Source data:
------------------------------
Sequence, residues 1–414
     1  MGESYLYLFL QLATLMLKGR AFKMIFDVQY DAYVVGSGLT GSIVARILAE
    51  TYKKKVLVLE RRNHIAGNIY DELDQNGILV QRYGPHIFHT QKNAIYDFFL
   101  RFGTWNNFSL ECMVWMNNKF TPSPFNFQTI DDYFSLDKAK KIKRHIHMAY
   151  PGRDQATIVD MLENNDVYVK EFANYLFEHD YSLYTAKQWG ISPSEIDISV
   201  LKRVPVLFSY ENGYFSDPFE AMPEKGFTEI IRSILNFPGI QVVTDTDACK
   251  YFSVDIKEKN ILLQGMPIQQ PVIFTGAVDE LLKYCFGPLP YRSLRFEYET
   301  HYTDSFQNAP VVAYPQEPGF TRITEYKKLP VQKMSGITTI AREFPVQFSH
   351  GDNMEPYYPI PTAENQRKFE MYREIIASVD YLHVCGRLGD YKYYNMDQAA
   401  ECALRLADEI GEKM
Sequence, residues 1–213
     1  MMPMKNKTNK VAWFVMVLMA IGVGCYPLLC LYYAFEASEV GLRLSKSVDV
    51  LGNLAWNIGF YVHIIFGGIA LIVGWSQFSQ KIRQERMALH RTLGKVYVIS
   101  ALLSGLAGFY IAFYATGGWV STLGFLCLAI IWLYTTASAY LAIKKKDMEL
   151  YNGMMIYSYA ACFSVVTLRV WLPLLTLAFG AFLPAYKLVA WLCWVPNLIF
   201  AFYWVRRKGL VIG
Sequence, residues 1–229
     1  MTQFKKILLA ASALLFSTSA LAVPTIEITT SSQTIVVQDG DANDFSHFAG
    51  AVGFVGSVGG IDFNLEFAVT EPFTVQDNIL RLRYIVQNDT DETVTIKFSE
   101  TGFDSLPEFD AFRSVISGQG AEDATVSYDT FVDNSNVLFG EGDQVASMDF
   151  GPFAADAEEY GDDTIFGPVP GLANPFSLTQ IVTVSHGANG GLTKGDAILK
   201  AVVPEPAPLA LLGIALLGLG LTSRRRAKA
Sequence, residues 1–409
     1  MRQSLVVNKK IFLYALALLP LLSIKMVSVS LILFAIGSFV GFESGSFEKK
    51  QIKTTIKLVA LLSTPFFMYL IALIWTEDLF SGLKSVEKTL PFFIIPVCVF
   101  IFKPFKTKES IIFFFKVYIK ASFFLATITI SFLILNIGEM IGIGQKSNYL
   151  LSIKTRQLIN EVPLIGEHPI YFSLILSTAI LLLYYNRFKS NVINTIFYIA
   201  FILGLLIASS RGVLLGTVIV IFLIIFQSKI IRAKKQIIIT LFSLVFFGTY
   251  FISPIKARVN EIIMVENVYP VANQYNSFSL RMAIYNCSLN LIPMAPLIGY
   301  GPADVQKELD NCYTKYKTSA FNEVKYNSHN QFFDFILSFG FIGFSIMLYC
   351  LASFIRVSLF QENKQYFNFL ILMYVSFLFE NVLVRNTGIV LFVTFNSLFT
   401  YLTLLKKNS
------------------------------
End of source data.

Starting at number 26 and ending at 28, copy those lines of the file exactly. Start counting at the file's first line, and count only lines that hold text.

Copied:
   101  IFKPFKTKES IIFFFKVYIK ASFFLATITI SFLILNIGEM IGIGQKSNYL
   151  LSIKTRQLIN EVPLIGEHPI YFSLILSTAI LLLYYNRFKS NVINTIFYIA
   201  FILGLLIASS RGVLLGTVIV IFLIIFQSKI IRAKKQIIIT LFSLVFFGTY